Egg: Tracking a Spy Through the Maze of Computer Espionage (Clifford Stoll), Cyberpunk –
Outlaws and Hackers on the Computer Frontier (Katie Hafner and John Markoff), Hackers:
Heroes of the Computer Revolution (Steven Levy), and The Hacker Crackdown: Law and
Disorder on the Electronic Frontier (Bruce Sterling).
Safeguards against unauthorized access and use, 565
Define acceptable use policy (AUP). Viewed simply as a moral code, many people feel that an
acceptable use policy will do little to deter unauthorized access or use. When it is documented
and explained to employees, however, an acceptable use policy provides justification for
terminating the employment of any individuals caught using computers in an unauthorized
manner. List other measures that safeguard against unauthorized access and use. Use Figure 11-9
to explain the importance of disabling file and printer sharing on your computer. Bill Joy, chief
scientist at Sun Microsystems, offers 10 general safeguards for computing:
(1) Use antivirus software and update it frequently.
(2) Do not allow online merchants to store your credit-card information.
(3) Use a hard-to-guess password and change it frequently.
(4) Use different passwords for different Web sites and applications.
(5) Use up-to-date versions of Web browser and e-mail software.
(6) Send credit-card numbers only to secure sites.
(7) Confirm the site you are doing business with.
(8) Use a security program that gives you control over cookies.
(9) Install firewall software to screen traffic if you use DSL or a cable modem.
(10) Do not open e-mail attachments unless you know the attachment’s source.
Mention FAQ 11-5: Are stand-alone browsers more secure?
Page 8 of 32 Chapter 11: Computer Security, Ethics, and Privacy
Identifying and authenticating users, 565
Describe an access control. Define audit trail. Although they can be kept automatically, hard
copy audit trails are considered more reliable because they are safe from remote electronic
intruders. Differentiate between identification and authentication. List the three methods of
identification and authentication. In general, the authentication techniques employed should
match the degree of risk associated with unauthorized access.
In his book, The Cuckoo’s Egg: Tracking a Spy Through the Maze of Computer Espionage,
Clifford Stoll (one of this chapter’s Technology Trailblazers on page 593) tells the fascinating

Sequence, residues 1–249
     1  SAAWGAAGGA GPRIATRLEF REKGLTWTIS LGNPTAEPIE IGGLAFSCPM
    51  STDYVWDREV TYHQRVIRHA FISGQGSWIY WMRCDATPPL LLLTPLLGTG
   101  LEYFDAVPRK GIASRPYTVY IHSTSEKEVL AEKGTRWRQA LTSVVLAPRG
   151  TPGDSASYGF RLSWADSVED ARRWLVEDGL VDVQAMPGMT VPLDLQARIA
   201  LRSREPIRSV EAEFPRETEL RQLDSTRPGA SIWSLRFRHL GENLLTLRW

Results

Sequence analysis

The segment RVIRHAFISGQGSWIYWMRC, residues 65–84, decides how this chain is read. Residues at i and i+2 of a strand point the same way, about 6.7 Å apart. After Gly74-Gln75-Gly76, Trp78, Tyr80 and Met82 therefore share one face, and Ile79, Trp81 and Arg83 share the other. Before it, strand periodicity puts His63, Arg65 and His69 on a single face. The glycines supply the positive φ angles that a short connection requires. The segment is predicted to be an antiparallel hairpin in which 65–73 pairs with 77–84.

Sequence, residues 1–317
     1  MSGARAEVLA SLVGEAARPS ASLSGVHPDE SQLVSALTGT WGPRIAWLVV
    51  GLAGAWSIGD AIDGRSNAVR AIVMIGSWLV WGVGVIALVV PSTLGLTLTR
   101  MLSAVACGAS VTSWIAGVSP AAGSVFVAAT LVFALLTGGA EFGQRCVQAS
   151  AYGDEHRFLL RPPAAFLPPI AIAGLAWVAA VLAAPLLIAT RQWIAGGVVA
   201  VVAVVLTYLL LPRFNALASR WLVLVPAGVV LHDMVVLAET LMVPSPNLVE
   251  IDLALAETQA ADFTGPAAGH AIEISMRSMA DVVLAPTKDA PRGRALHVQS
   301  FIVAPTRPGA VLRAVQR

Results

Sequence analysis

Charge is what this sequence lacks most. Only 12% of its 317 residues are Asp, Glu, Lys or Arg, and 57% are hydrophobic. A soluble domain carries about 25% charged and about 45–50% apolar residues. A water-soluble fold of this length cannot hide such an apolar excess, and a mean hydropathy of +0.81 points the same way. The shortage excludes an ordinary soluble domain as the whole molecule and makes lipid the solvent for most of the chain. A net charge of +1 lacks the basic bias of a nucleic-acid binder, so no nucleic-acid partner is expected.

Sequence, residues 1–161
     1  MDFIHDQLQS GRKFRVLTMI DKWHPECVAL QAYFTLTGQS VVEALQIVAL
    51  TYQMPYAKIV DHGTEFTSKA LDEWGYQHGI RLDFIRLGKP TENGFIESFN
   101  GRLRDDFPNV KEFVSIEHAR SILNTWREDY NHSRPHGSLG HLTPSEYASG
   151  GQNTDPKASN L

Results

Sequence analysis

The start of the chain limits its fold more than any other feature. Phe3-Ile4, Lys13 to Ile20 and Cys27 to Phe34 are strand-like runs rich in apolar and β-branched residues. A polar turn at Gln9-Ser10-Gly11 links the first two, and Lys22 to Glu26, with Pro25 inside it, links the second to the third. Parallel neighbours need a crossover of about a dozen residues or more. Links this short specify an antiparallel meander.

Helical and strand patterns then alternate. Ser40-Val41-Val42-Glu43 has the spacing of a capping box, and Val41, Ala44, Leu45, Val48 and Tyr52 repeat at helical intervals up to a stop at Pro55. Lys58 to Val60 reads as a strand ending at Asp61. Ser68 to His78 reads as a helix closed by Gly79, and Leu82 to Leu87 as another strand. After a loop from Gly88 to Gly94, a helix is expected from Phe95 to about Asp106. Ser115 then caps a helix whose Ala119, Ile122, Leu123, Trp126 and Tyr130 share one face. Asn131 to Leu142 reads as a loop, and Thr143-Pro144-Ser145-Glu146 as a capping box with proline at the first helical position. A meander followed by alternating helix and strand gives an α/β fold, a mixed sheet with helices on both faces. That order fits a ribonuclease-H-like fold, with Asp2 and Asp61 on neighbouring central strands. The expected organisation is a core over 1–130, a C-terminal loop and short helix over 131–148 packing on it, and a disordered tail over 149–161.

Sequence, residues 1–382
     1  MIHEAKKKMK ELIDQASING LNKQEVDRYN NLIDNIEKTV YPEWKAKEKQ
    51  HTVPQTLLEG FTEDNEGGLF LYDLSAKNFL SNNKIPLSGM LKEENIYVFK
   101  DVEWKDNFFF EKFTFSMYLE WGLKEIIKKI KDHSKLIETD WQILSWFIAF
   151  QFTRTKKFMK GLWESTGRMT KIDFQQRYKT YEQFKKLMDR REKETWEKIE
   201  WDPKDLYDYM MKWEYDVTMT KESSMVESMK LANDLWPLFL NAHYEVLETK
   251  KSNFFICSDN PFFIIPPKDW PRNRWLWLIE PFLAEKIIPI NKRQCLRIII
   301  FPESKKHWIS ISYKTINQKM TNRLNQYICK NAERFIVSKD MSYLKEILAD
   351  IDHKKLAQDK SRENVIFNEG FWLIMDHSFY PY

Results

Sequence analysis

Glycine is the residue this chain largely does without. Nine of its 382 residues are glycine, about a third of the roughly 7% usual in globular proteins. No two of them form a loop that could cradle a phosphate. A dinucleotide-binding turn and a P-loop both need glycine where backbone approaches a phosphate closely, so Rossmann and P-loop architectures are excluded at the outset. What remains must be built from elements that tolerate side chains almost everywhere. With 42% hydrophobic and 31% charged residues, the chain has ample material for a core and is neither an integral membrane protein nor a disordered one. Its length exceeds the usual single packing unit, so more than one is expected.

story of using an audit trail to uncover computer espionage. The story is retold in a PBS Nova
special, ―The KGB, the CIA, the Computer and Me,‖ in which Stoll plays himself. If possible,
obtain a videotape of the special to show in class. Clifford Stoll is an energetic and informative
speaker. Pacing, running, shouting, laughing, and cajoling, Stoll challenges his audience to
consider issues they may never have thought about before. ―I don’t know. This is just me,‖ Stoll
observes. ―Your job is to prove me wrong.‖ Stoll believes that, ―if we want good technology, we
have to open it up to criticism.‖ In one interview, Stoll said it is important for technologists (or
―propeller-heads‖) such as himself to consider such questions as:
Who does not benefit from computers?
Where are computers badly applied?
When is the Web irrelevant?
Why are people frustrated by computers?
How do computers change society?
Stoll listens to everyone — both computer users and non-computer users alike. In fact, Stoll
decries the ―cult of exclusion‖ or ―techno-arrogance‖ he feels characterizes some computer users.
Stoll’s questions, and the issues he raises in Silicon Snake Oil and High Tech Heretic, could
inspire an interesting end-of-term discussion.
User names and passwords, 566
Define user name (or user ID) and password. Review the forms of remembered information
authentication provided for with most multiuser operating systems (user ID and password).
Discuss Figure 11-10. Consider how passwords are assigned or selected. Use Figure 11-11 to
examine the effect of increasing the length of a password. If n represents the number of
characters in a password, the number of possible character combinations is 36n (26 letters + 10
digits = 36 possible characters for each place in the password). The numbers have been rounded
in Figure 11-11. Mention general guidelines that sometimes must be followed when creating
passwords. Explain how some systems provide additional protection. Point out FAQ 11-6: How
can I protect my password? Normally, to create a difficult-to-guess password, a user should not
His or her name in any form
The name of a family member
All digits or all the same letter
Discovering Computers 2007 Page 9 of 32
A word contained in an English or foreign language dictionary
Although good passwords are obscure, it is important that they be memorable. Many software